A new reference book on satellite altimetry, one of the most successful ever techniques for monitoring the oceans and climate from space, highlights the NOC’s leading role in extending altimetry to the coastal zone, the domain where the effects of rising sea levels are most severely felt by society.
A truly global measurement of sea level is only possible from the vantage point of space, using an instrument know as a radar altimeter onboard an earth-orbiting satellite. Altimeters ping a sequence of radar pulses to the surface of the oceans, and by timing the returned echoes they compute range, i.e. the distance between the satellite and the ocean surface. The difference between the orbital altitude of the satellite (which is tracked to a very high degree of accuracy using a combination of lasers, GPS and microwave measurements) and range yields the sea surface height, which can then be used to estimate surface currents and monitor sea level.
Until recently, altimeter data near the coast were discarded due to a string of technical obstacles. NOC staff have been leading the international R&D efforts that now allow the recovery of meaningful measurements of sea level (as well as of wave height and wind), a wholly new field of research known as coastal altimetry.
Satellite Altimetry Over Oceans and Land Surfaces is the new reference textbook on satellite altimetry that includes contributions from many of the leading experts in the discipline. This book includes an entire chapter on coastal altimetry, Satellite Altimetry in Coastal Regions, which reviews the many technical improvements (including processing enhancements designed and implemented at the NOC), lists the reprocessed datasets that are becoming available, and illustrates the many diverse applications of the coastal altimetry data.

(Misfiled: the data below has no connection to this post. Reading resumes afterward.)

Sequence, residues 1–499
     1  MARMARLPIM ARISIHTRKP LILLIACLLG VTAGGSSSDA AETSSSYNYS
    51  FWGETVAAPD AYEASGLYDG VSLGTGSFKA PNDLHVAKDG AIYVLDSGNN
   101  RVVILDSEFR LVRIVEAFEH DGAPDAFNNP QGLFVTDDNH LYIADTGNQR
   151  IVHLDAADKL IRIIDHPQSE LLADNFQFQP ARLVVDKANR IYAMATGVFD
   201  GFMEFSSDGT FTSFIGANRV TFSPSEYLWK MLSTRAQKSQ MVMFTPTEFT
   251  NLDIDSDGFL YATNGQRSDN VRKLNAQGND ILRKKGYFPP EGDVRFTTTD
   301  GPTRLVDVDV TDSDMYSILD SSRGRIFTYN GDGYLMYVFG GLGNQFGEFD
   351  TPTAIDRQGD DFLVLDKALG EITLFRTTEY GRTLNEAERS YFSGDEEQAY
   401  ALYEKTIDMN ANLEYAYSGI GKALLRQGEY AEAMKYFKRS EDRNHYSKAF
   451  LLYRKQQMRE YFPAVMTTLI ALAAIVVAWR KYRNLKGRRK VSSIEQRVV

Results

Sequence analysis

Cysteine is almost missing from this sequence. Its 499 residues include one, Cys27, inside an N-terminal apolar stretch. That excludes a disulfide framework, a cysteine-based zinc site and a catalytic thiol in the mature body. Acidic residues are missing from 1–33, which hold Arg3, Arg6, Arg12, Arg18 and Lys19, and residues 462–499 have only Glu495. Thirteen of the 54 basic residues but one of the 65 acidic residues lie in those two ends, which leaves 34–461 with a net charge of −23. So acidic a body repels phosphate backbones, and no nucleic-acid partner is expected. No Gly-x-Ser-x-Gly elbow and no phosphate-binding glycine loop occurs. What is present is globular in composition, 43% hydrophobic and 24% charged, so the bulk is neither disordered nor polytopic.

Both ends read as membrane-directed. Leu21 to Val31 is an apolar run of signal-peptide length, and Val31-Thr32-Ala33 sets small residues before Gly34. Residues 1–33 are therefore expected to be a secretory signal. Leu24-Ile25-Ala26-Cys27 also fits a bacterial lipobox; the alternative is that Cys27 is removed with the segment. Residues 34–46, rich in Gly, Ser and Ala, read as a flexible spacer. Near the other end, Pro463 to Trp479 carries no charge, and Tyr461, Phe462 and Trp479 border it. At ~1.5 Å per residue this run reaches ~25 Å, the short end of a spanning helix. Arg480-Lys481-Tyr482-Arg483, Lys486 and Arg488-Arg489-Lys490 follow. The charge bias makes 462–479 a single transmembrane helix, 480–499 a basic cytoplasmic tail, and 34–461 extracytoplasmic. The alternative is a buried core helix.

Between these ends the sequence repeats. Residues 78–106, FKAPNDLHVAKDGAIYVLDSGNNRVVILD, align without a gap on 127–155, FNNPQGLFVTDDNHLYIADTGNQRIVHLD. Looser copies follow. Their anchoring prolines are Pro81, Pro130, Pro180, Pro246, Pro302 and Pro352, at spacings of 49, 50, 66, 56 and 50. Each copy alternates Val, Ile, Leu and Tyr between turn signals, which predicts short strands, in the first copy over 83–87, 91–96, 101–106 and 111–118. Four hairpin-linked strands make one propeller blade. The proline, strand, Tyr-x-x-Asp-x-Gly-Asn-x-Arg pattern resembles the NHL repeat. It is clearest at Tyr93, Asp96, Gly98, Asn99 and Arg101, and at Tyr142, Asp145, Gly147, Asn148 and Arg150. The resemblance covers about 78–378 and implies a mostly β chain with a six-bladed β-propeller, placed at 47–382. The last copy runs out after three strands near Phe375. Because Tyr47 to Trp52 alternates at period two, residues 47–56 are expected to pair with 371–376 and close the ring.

“The traditional measurements of sea level, from conventional altimetry over the open ocean as well as from tide gauges at the coast, leave an observational gap in between’, said NOC’s Dr Paolo Cipollini, the lead author of the chapter. “By developing new processing techniques and coordinating the efforts of many colleagues worldwide, we have made coastal altimetry a reality and we are filling that observational gap. This is crucial to confirm the global impact of sea level rise on the world’s coasts, and inform mitigation and adaptation strategies.”
Satellite Altimetry Over Oceans and Land Surfaces has been edited by Detlef Stammer and Anny Cazenave and is published by CRC Press of the Taylor and Francis Group.